Temp fcst9hr COSMO1 France 15UTC 01082012.jpg

Temp obs France 15UTC 01082012.jpg

Td fcst9hr COSMO1 France 15UTC 01082012.jpg

Temp obs2 France 15UTC 01082012.jpg

LFC fcst9hr COSMO2 France 15UTC 01082012.jpg

LFC fcst9hr COSMO1 France 15UTC 01082012.jpg

MLCAPE fcst9hr COSMO2 France 15UTC 01082012.jpg

MLCAPE fcst9hr COSMO1 France 15UTC 01082012.jpg

MUCAPE fcst9hr COSMO1 France 15UTC 01082012.jpg

Sfcconv 10mwind sfcobs France 15UTC 01082012.jpg

Sfcconv MSLP fcst9hr COSMO1 France 15UTC 01082012.jpg

Sfcconv 10mwind fcst9hr COSMO1 France 15UTC 01082012.jpg

Sfcconv HRVsat MCHrad 14UTC 01082012.jpg

Sfcconv HRVsat MCHrad 1430UTC 01082012.jpg

Sfcconv HRVsat MCHrad 15UTC 01082012.jpg

Sfcconv HRVsat MCHrad 1530UTC 01082012.jpg

Radar 1600UTC.jpg

Radar 1630UTC.jpg

Radar 1700UTC.jpg

Radar 1730UTC.jpg

QPF3hr COSMO2 18UTC 01082012.jpg

QPF3hr COSMO1 18UTC 01082012.jpg

QPF1hr COSMO1 16UTC 01082012.jpg

QPF1hr COSMO1 17UTC 01082012.jpg

QPF1hr COSMO1 18UTC 01082012.jpg

* COSMO-1 : @ 18 UTC (H+12hr) : during MCS upscale growth ( with outflow boundary interactions) and just prior to/during western CH Jura convective initiation

  • 2m temperature : @ 18 UTC, this field across most of eastern France and Switzerland coincides rather well between COSMO-1/COSMO-2 and observations at this time (COSMO-1 between 0 and +2°C). Some overestimation is nevertheless still apparent over parts of the Saône river valley and in Franche-Comté Jura region. In the immediate proximity of La Dôle where the first Jura convective cells initiated, a +1 to +3°C model temperature anomaly is apparent. At this time, the observed surface 2 m temperature in Geneva was 29°C and in Besançon it was 28°C.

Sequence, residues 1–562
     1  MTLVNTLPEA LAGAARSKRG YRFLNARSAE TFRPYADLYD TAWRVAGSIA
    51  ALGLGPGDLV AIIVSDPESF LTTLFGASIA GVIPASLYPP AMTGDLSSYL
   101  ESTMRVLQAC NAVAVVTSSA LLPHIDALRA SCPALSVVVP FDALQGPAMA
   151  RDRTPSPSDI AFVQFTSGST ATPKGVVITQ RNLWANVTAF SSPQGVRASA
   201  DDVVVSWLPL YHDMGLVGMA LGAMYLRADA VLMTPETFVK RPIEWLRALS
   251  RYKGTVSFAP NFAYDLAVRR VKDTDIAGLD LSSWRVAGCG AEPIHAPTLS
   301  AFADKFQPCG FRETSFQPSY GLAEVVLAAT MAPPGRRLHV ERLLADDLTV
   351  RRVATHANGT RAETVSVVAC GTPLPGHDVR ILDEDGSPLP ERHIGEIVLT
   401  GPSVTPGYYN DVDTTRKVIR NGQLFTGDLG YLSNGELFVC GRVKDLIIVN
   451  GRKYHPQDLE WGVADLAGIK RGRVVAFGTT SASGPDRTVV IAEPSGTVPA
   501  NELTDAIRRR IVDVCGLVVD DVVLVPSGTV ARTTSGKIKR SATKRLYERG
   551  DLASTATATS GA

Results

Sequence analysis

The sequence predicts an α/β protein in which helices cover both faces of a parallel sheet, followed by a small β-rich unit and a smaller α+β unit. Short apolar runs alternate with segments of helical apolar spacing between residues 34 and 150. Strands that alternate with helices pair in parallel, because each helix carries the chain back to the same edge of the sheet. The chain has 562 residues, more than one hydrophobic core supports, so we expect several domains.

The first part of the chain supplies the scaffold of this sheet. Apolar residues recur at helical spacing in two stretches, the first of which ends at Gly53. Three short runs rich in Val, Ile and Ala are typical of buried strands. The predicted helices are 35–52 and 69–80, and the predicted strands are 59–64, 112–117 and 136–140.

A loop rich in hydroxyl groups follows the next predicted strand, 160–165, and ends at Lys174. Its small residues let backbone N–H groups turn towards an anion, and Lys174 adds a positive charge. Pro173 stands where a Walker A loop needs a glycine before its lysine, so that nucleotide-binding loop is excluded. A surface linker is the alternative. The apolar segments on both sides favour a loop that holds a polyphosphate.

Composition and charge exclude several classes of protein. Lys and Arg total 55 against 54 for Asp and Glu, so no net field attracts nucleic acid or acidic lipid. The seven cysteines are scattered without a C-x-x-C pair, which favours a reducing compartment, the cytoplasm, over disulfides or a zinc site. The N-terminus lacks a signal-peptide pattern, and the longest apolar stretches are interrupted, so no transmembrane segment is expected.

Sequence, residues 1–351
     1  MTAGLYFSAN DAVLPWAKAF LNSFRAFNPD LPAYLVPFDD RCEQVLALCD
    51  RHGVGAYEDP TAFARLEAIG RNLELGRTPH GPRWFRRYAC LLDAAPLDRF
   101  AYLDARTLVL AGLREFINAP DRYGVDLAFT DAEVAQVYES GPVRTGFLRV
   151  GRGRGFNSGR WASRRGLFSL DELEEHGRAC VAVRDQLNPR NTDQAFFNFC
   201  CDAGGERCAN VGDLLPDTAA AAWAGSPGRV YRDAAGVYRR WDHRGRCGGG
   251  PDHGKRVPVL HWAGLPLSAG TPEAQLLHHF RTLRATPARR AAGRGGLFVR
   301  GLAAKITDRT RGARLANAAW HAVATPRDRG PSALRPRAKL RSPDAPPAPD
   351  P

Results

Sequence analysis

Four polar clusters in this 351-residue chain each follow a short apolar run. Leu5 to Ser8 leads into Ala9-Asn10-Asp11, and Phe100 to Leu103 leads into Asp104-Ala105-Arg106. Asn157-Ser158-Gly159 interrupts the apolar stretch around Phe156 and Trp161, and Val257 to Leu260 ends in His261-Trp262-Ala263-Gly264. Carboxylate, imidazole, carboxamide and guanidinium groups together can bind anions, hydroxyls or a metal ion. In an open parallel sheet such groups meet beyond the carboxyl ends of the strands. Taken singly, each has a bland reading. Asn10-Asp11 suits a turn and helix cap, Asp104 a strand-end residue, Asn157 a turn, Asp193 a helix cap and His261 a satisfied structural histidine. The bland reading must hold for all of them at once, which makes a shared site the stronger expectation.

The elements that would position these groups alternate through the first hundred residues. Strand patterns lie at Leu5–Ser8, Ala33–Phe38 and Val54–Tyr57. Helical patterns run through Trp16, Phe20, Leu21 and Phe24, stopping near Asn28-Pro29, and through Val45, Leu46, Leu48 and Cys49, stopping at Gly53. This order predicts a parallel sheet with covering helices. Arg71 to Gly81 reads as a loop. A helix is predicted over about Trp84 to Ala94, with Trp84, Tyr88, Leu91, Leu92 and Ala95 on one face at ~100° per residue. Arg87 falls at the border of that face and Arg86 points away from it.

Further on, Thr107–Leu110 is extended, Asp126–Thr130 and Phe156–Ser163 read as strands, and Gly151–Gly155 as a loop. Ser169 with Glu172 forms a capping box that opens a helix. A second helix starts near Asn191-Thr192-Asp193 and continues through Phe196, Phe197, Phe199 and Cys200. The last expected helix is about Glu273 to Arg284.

• 2m dewpoint temperature : @ 18 UTC, while COSMO-1 and COSMO-2 seem to have humidified the airmass in proximity to the western Jura region at this time compared to earlier in the day (12 and 15 UTC), they didn't raise the 2m dewpoints sufficiently compared to observations in the immediate vicinity of La Dôle, region where the first Jura convective cells initiated. Both COSMO models performed similarly and were rather accurate in terms of 2m Td over the flatter terrain behind and west of the Jura chain (0 to -2°C anomaly) but both models were much too dry over the Jura peaks (-4 to -6°C anomaly) in the convective genesis region as well as over the Besançon region (-1 to -7°C anomaly) . At this time, the observed surface 2m dewpoint in Geneva was 15°C and in Besançon it was 19°C.

  • Level of Free Convection (LFC) : @ 18 UTC, the forecasted LFC values for the COSMO-2 model over the Jura peaks was around 3600 m amsl and around 4200 m amsl over the flatter Besançon region to the northwest. For the COSMO-1 model, the forecasted LFCs were around 3500 m amsl for both the Jura peak region and the Besançon region. These modeled LFC values are again much too high compared to the LFC values obtained from the modified 12 UTC Payerne proximity sounding using 18 UTC observed 2m temperature and dewpoint information from Geneva and Besançon (Proximity sounding LFCs 2100-2700 m amsl). This data sheds some light to why the models failed to convect shortly after 18 UTC over the western Jura. Firstly, the modeled LFC values were much too high and secondly, the models did not produce the initial convection over the Loire valley responsable for low-level convective outflow that translated eastward towards the Jura and that provided additional low-level lift in this region.

  • Mean-Layer (ML) and Most Unstable (MU) Convective Available Potential Energy (CAPE) : @ 18 UTC, modeled MLCAPE values over the western Jura region were on the order of 400-800 J/kg in COSMO-2 and between 400-1200 J/kg in COSMO-1. Modified Payerne proximity soundings based on T and Td observations from Geneva and Besançon result in MLCAPE on the order of 700-2000 J/kg. The underestimation of the instability was greatest over the Jura peaks and over the Besançon region where the greatest 2m dewpoint anomalies were found between the observations and the model values. Elsewhere in the model domains, the pattern of the modeled MLCAPE/MUCAPE fields appear credible as highest values seemed to be pooled along sfc wind/moisture convergence zones which are rather accurately depicted in the models (especially the pre-frontal convergence zone located over the French Rhône/Saône valleys at this time)... However, while the patterns of the modeled CAPE fields in these regions seem rather well estimated, the values themselves appear underestimated.